Note: The following essay appeared originally in Areo Magazine. There also is a video that has been made to accompany the essay here.

Stories of those forcefully taken from their homes by ISIS militants and sold into slavery are haunting reminders of the tyranny that Daesh (ISIS) has wrought on so many during its seizure of power in Iraq and Syria. Yazidi women were some of the worst affected by ISIS, as many witnessed their families butchered, homes destroyed and children taken. Having to undergo emotional, psychological, and physical trauma through rape, beatings, and abuse that is too graphic to mention in detail is unimaginable, yet there were thousands who experienced this — one being Nadia Murad.

When parts of Shingal (another name for “Sinjar”) — a district located in the North of Iraq and home to a large proportion of Yazidis — were taken by ISIS militants in August 2014, the world witnessed a brutal and bloody campaign of slaughter. Those Yazidis who had not yet fled to the Shingal mountains by the time ISIS arrived, and who instead became trapped in villages at the bottom of its slopes, bore the brunt of ISIS’ brutality. In villages like Kocho, men were forced to either convert — as Yazidis are considered to be pagans by ISIS — or be executed. Many refused ISIS’ demands to convert, resulting in hundreds of Yazidi men being butchered and thousands of women, some as young as twelve who were taken from their schools, being forced into slavery. Nadia Murad was one of these women who was captured. Nadia was just nineteen, when she witnessed her brothers butchered before her eyes and was sold off into sex slavery. Taken to Mosul, Nadia endured three months of horror before luckily escaping. She has since gone on to speak out about the injustices of ISIS and the need to bring ISIS militants to trial.

Nadia returned to her village in Kocho in Late May, 2017 — just after it was liberated by Hashd al-Shaabi (PMU), a collection of a majority Shiite militias backed by the Abadi government of Iraq. It is evident that years of trauma and horror at the hands of ISIS, especially when family and friends were taken, executed and sold, came flooding back to Nadia, as upon returning she cried out in agony around the ruins of desolate buildings in the village. For many of the young taken by ISIS, the trauma still stings and such experiences that Nadia has faced will not be forgotten any time soon. Since 2016, Nadia has been a United Nations goodwill ambassador.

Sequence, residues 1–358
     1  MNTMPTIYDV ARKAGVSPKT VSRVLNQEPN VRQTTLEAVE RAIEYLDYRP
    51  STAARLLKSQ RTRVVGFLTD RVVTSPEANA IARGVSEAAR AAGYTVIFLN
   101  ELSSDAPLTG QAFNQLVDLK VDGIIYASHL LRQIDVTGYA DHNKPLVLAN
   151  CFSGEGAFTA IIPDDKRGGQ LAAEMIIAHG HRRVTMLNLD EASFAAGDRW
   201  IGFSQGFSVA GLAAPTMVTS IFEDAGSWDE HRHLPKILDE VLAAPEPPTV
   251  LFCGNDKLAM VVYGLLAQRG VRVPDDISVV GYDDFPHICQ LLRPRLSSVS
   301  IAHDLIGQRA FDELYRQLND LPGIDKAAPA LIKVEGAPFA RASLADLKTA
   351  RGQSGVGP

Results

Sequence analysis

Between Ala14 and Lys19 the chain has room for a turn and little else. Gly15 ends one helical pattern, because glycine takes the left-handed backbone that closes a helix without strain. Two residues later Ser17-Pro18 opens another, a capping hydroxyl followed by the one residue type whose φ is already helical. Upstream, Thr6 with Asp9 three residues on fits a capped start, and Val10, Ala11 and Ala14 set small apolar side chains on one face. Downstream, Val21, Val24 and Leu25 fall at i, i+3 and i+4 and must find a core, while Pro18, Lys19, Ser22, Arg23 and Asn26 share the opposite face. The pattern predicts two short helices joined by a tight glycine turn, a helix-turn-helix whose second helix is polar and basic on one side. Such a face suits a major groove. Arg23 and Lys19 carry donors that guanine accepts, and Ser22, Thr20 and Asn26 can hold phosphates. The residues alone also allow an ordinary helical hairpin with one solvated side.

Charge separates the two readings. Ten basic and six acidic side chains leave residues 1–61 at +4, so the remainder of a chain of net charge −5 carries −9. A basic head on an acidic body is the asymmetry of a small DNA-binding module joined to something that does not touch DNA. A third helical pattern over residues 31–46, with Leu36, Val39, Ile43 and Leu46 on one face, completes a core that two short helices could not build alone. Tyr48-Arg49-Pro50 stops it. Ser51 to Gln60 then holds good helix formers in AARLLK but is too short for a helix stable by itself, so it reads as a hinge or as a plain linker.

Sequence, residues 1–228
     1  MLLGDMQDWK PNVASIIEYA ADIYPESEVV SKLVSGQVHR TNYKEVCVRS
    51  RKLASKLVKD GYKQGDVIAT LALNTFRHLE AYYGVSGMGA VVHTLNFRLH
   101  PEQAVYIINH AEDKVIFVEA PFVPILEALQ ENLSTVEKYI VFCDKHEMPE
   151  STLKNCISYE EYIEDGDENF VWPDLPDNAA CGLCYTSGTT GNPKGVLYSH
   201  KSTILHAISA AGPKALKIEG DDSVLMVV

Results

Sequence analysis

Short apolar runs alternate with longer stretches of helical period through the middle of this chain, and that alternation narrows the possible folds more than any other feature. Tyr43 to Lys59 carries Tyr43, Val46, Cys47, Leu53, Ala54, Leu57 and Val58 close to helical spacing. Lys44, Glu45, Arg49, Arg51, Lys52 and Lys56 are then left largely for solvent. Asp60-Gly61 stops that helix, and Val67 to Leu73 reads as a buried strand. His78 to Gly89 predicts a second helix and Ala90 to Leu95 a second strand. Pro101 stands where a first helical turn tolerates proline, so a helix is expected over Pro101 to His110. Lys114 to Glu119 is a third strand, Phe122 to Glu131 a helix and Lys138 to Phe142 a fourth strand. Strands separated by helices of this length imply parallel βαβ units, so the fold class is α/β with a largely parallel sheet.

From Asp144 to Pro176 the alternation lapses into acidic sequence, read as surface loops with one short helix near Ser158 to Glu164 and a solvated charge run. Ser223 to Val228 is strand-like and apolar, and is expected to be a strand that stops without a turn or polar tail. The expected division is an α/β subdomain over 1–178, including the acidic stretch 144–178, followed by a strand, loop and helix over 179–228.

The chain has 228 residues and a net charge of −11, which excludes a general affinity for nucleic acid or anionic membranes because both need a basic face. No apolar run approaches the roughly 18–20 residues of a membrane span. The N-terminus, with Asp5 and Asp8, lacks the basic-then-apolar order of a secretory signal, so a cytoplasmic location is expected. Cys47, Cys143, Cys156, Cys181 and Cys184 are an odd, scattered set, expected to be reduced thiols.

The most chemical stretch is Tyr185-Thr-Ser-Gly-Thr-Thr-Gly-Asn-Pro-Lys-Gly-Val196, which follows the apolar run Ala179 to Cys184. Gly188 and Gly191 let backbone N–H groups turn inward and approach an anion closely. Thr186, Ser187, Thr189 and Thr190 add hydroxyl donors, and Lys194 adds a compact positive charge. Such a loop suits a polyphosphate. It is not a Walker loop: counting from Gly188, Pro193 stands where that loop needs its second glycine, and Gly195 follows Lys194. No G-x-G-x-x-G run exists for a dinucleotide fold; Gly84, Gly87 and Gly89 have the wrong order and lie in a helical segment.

Nadia Murad returns to Kocho with PMU to a destroyed school on June 1st, 2017.
Source: Rudaw

Nadia’s story, which has been documented in a Time Magazine article from 2015, also highlights the barbarity of ISIS and the suffering experienced by those sold into sex slavery. For example, Nadia recalls how some women would throw battery acid on their own faces just to avoid being picked by militants for sex. Women who are enslaved are treated as objects to be used and abused, where militants share and trade them amongst one another. This sex slavery network, where militants buy, sell and gift sex slaves to other militants between Iraq and Syria, is very popular — narcotics are also traded. After being captured and interviewed, a wife of an ISIS militant (wives are treated differently to sex slaves, as these wives came to the caliphate voluntarily) explained how this operation works.